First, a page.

pledges of HX: larnit- M( AdamSv
Brenan Keene, Mark ScarbriKjgh.
Richard Reed, Dan Edwards, loll
Miles, !Aan Wilkins. C had
Driggers, Peter Pemantet. Man
Lawrence, Brad Madden. Plnrng
I oong. Matt Oavis.C hrislMKHlio
.indlaiou-AIIrn (Kxllvicki;iiss .
f Phanks lor the house-warm-
ing party! We re looking forward
to partying vMth you aam
AOfl flu- Super Bowl party at
Kharkov's wafgreal too bad tk-
Bill's can't kick Can't wait until
nt-xt v�-ar to di' it again I ��
bnthi-rs H,
RECYCLE
NOW.
W- DISPLAY CLASSIFIED -
IESARCN MFMMIW
Ltrgtst Librtry ol mhrmstbn ml) S
iH subjects
j'oe; raianfl Coday mm h IK n coo
800-361-6zz2
-Qii tntt
- N
L
PhOM
Snow Hill.Nv1
Slate .
ALTERNATIVE MEAL Pi AN
SI200 value for $49.95
l(X free meats ai lOfincicaaurants
�SI IRINfryS'lT vK.S-MI XICAV
nvillc Diners Gob has u .ill
(ALL 757-1044
for more into.
Come grow with us!
� AS 1 WORK' 1 LLENT PAY!
'� : epro � � me. Callfoi
rmatioi � 1 , -
PI COLLEC TORS l I l)t I) A
� ' � I . � �� md dep
. this posil
�reMoi rhurs p.n 9p.m
iijn mtcn ti I
� Myn . Bui 1 ' RJ2 "
HIS F PAR I I IMF. ()B IN TOWN
�'��'��' 1 louse is currently a
: ' I I ations :� r all positions L
I MMUsin kPARTMl v h
11 '�' 1
M I (. VKII s.
' -
.
IS Ol I U I I tj
�DON Rl PAIRS
KNIJ M R1
ffl
. lli Strccl
11 v 1111 (
50 States Seminars our nationally known
organization is seeking an assertive, dynamic
and motivated individual to (each and con-
duct "No Money Down" real estate seminars
in your area. You have seen these seminars
on T.V now conduct them yourself
$3,000,00 to $6000.00 per month possible
pt SI0.000.00 to $15,000.00 possible ft.
Don't Delay, Cairtodaytbran interview.
(208) 342-0950 or (208) 338-9960.
BUCCANEER
� fbrtlH 1991 Buccai a -
� taken an 22 IVb I m Menden-
Srudent ��� Tom 12 rn�m 8
Meas. bring your ID The
n it also has a position for
lilor Cnmputorexpcricncc
- necessary Applications arc avail-
��� officer or Media Board
��'� officer in the Publications
.K n �ss from otct I ihrnrv
� 5 The program starts on
M01 lay, Feb 4th. from 330-fc30 p.m
and continues cverv Monday for four
weeks You must attend the first ses-
sion to participate
AI1IRCA SHOTS
Awa) from home and don't know
here I pet your allergy shots7 Call
the Student Health Service for more
information on allergy clinics all
. . CHpJ ESTERAL SCREtMNQ
- Ti. youTcfw �.v'TrTrrrTnmfN'r fUrtw
dent Health Servka Laboratory offers
cholesterol scrcanmgaatafaducad rate
for studnets, staff and faculty Call7�7-
HK41 for more information
CONTKAC ITTIVI I Dl CATION
I ir " '� il the bask methods ol
� M-ptionlassesare held Niton-
days from 2-3 and Thursdays from I I
in the Student I lealthServH es Rm �un.
Room Call 757-6794 tor more infor-
mation.
SAII K si
Be responsible If vou choOSC to be
sexually active, practice 'safer sex
The Student Health Service Pharmacy
sells latex lubricated condoms at the
cost of $2 0(1 per doen Safer sex is
smarter st�
IAS IAKOI.INA rKHNDS
Persons interested in joining I asi
( arolina Friemis should come In
Brewster A-409 anytime during the
month on January. Only ,1 limited
number t anhinlagmlii ii .
this semester Undergraduate student;
must have completed 12 houi
have a 2 2CPA Ojvn to all students
staff, faculty and alumni. K'F pairs
college volunteers with elementary
�liuilitflD in Pill County IP rdlfr -LL.
provide positive adult role models f or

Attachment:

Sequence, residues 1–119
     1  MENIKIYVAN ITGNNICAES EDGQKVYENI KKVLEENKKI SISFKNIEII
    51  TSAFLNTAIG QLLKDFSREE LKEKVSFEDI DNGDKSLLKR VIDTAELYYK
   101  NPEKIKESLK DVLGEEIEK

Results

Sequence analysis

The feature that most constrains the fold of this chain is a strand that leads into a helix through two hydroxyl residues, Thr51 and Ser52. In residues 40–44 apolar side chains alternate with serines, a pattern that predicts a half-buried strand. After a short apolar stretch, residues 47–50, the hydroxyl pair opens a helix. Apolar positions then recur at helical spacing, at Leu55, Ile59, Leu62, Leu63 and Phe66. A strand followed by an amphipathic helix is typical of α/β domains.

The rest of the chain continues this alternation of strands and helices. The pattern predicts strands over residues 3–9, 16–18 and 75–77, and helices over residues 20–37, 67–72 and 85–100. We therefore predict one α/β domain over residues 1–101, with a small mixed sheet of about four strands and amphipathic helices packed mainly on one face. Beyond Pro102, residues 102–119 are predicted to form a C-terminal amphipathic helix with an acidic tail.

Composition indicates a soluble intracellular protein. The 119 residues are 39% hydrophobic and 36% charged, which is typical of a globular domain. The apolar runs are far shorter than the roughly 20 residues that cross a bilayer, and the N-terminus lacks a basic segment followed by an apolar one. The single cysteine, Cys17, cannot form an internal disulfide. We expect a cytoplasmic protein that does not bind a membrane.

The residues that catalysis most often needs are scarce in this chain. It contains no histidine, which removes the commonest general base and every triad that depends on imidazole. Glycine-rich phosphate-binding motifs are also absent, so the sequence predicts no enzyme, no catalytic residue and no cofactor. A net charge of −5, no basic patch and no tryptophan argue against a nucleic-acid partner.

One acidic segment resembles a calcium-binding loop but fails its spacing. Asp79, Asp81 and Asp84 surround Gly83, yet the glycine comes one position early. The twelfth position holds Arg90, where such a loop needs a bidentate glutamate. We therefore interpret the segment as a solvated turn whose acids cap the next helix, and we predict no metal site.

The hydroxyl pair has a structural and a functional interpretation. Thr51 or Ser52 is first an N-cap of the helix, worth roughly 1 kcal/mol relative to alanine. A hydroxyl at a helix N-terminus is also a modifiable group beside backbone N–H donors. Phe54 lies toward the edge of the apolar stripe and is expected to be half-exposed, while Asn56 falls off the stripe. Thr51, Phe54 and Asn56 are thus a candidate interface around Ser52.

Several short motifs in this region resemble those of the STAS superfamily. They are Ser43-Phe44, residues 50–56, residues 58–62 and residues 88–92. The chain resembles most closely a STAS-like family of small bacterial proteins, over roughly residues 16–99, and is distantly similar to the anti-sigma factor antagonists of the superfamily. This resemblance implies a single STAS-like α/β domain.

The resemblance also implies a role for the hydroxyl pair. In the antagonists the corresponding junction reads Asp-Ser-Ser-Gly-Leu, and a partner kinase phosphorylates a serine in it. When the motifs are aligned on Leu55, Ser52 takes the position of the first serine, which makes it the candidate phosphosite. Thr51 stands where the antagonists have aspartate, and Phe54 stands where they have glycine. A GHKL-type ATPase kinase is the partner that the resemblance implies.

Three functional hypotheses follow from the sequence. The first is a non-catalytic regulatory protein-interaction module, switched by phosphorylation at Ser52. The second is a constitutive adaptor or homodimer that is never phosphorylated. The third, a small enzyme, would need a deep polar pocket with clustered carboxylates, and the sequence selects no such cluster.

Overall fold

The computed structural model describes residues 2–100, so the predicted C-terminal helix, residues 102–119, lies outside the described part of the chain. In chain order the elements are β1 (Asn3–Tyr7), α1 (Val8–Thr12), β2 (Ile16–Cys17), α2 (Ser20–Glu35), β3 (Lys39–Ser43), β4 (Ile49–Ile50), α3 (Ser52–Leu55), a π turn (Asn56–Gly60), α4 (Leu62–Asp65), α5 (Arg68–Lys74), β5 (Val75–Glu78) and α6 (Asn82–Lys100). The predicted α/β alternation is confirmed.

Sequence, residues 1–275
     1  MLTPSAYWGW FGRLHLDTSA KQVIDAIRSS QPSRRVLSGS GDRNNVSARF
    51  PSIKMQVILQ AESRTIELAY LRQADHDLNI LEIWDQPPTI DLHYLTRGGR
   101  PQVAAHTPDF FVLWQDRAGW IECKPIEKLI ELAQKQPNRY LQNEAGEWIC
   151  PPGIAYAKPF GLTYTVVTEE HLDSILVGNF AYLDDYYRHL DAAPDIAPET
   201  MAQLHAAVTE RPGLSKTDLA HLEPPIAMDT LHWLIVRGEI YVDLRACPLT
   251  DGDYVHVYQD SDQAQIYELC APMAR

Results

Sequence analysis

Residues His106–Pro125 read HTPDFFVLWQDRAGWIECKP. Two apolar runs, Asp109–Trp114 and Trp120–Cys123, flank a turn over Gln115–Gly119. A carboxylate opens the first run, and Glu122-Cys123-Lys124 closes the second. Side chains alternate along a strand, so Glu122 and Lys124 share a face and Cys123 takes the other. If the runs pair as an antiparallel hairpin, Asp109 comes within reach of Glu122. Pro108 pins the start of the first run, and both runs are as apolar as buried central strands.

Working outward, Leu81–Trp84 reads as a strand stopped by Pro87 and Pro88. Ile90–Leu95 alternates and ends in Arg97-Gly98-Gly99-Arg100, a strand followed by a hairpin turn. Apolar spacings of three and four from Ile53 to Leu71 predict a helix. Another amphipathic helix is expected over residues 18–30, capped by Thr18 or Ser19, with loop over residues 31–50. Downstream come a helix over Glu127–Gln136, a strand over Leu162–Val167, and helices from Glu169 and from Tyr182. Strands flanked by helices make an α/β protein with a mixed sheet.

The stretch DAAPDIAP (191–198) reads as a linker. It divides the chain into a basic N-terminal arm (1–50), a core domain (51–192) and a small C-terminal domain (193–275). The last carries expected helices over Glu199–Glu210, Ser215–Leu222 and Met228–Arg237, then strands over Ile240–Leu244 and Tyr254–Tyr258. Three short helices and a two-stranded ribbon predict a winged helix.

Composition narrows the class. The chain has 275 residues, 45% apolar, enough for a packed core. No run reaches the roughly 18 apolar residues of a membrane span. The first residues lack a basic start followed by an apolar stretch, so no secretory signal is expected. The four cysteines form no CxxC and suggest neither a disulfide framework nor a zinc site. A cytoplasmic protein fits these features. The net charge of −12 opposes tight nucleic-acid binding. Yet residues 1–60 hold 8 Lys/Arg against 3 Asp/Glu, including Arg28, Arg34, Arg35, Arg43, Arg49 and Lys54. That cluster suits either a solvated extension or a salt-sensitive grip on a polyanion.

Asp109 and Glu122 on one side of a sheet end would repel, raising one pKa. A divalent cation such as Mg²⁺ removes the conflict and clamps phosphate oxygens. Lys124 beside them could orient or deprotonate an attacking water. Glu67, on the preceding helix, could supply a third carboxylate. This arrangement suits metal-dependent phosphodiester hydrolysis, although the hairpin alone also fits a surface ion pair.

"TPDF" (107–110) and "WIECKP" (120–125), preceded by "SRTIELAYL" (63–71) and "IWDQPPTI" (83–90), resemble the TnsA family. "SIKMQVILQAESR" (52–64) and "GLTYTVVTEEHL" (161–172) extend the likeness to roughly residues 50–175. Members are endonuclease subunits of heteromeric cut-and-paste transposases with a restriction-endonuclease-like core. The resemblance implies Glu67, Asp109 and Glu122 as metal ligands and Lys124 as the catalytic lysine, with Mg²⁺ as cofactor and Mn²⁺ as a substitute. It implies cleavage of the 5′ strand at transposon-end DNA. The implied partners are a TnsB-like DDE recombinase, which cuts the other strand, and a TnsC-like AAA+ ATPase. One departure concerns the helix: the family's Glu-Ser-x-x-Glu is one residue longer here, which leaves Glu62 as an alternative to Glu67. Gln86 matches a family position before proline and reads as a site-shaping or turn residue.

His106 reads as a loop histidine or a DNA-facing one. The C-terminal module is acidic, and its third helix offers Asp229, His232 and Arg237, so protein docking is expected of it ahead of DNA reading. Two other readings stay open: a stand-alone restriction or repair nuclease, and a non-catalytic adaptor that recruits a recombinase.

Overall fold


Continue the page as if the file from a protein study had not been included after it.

more information, contact I H I inda
Moonev or Sus�in Moran in the I .
partmentotSt iotofn 'AnthropOlotv
STOP SMOKINC
K� f tl e habit! rhe v- denl II. a th
Sen offers a stop smoking program
free ol charge to all staff and facuKv
I- ' mon information and to sign up
� 757-6794 rhe program star)
Mi �nda. Feb 4th, from TV 30 p m
and continues every Monday for tour
weeks You must attend the first soss:on
to p irticipate
KACQLI IB At. DOUBLES
REGISTRATION
-tration tor Racquetball Doubles
will be held on Tuesdav, February at
p.m in BIO 103. All interested
individuals must attend this meeting!
For further information call 757-f3�7
or -top b 204hristenbury Gym
fn Eastarolina Honors Organiza-
tion urill meet on Thursday, januar) 11
at 13pm in the meeting room located
m the basement of Fleming Hall
MASSAGt CLINIC
-Jhc rnawtgf d1ruc.vv1ilFjcLuuuiii4,
1991 from 5:30-9:30 p.m in the FV-lk
' ling Tu i-et -an or, sale now bTT
students at a cost ol SI 50 per ten mm
utes in advance .and $2j00 p�r ten
minutes at the door. There is a maxi
mum of 30 minutes per person Por-
tions of the money collected will go to
chanties Females please bnng shorts
and a swimsujt top and males please
bnng shorts
SJT I F- NTS FOR THfc iQTiitE
FA RTF!
Interested in learning about many of
theenvironmentalproblemsfacingour
world and community? Come to the
next meetmgof students for the Mother
Earth Thursday, an.3lst at 5:00 p m m
thcSKialRoominMendenhallStudent
( enter The main purpose of the stu-
dents for the Mother Earth is toeducate
thestudentsand the people mourcom-
munity about the environment and to
create pmgTams promoting environ-
mental awareness f'leasejoin us as we
address some of these envimnmental
issues and learn what you can do to
make a difference. Everyone is wel-
come ����� m
NJTLVTiAMLmCAiNJriJLCL:
I he Native Americans of ECU are
h�mg-fkir-tTrt- spnrrg- semester
meiting on Monday. Feb 4th at 730
pm at 203 Flm Street, Apt 5 Wc
entourage anyone interested toattend
Ifanyquestionscall Penny at 931-7331
or Kim at 431-7712
ANG EL FLIGHT
HEY YOU' Enthusiastic individuals
are encouraged to come out and see
what Angel Flight is all about Angel
Flight is an alternative to Creek life
Rush is Jan. 30 through Feb 1 st at 7.00
pm. Meet the Angelsonthethird floor
ofVVnght Annex (besidethe soda shop).
Hope to see you there.
ASSEmvimAJNLNG.
WORKSHOP
A three part workshop offered to stu-